γŠ™οΈ Japanese Secret Button
The Japanese "Secret" Button emoji is a circled Japanese kanji that stands for secrecy. Everyone has a secret, some of which you would prefer to keep to yourself for your own privacy. Now you can keep your secret without having to inform that nosy person. Send this emoticon instead. Send it along with a Zipper-Mouth Face emoji to indicate that you will remain silent, even though not everyone will comprehend what the kanji means. However, when used in the best case situation, secrets can also be cunning and teasing. So if you have a rather intriguing secret you might reveal in the ideal scenario, send it with a Smiling Face emoji.
🈺 Japanese 'Open For Business' Button
The Japanese "Open For Business" button emoji from Japan is used to depict two distinct situations. One is the intention, which is to demonstrate that a newly opened or shut down company is operational. Use it in conjunction with the department store or hamburger emojis to indicate that a business or a fast food restaurant is operating. This emoticon can also be used to indicate that you have resumed business and are looking for a partner. Send this winking face emoji-accompanied text to the person you've been keeping a watch on until you're ready.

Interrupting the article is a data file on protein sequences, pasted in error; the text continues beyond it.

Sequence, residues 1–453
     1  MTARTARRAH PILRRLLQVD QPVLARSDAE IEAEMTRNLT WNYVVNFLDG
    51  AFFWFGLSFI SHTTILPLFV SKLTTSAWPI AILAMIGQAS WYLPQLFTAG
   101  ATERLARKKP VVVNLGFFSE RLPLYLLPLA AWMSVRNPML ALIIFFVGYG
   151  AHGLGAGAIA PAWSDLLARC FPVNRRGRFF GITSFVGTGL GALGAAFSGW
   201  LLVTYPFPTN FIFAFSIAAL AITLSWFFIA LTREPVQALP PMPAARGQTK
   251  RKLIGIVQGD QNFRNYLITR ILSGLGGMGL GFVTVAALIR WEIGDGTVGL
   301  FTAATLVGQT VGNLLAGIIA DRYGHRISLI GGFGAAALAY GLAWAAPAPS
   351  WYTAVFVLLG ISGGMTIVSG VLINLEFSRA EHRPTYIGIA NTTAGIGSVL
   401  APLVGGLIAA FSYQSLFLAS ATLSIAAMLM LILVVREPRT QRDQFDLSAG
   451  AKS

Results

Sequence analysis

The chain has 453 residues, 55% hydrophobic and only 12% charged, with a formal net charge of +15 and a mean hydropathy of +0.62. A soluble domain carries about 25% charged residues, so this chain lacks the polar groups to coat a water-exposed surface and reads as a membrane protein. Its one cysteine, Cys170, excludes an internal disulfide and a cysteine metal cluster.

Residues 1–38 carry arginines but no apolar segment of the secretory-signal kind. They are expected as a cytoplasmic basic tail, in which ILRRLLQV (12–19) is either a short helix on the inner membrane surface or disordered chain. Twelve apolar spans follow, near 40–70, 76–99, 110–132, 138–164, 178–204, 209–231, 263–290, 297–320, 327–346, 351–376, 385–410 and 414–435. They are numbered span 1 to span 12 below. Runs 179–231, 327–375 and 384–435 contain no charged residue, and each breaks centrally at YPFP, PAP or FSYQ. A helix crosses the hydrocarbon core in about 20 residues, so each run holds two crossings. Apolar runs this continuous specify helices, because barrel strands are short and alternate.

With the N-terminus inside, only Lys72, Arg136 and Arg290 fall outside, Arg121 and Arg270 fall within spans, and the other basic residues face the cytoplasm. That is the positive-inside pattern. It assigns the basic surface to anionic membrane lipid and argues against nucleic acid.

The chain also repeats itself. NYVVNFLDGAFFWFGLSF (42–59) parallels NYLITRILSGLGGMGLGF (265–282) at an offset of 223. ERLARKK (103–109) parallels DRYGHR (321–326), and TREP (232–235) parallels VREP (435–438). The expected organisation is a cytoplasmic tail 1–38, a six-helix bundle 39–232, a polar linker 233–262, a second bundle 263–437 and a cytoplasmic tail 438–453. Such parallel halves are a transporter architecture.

🈡 Japanese 'No Vacancy' Button
The Japanese "No Vacancy" Button emoji is a square-shaped Japanese kanji that means there is no available room. This is the last indication you want to see when looking for a place to stay the night while exploring Japan. This indicates that there is no room for more individuals. But unless your pals are hoteliers, you wouldn't get this emoji for that meaning from them. Using the Prohibited emoji, you can tell that bothersome individual who won't leave you alone that you're not available. To express your annoyance and frustration with this person who simply cannot take a cue, accompany it with the angry face emoji.
🎌 Crossed Flags
Two Japanese flags with rods crossing one another can be seen in this emoji. Typically, you can see the crossed flags at motor shows or during races. These flags serve as a halfway point for the vehicles during a race. If you enjoy drag racing, you might use the crossed flags emoji in the caption of a picture you take while watching a race. This character can be used in conjunction with the Car emoji to pique people's interest in drag races because it is all about racing. A fellow drag racer will comprehend the crossed flags emoji even if you update and send it to them alone.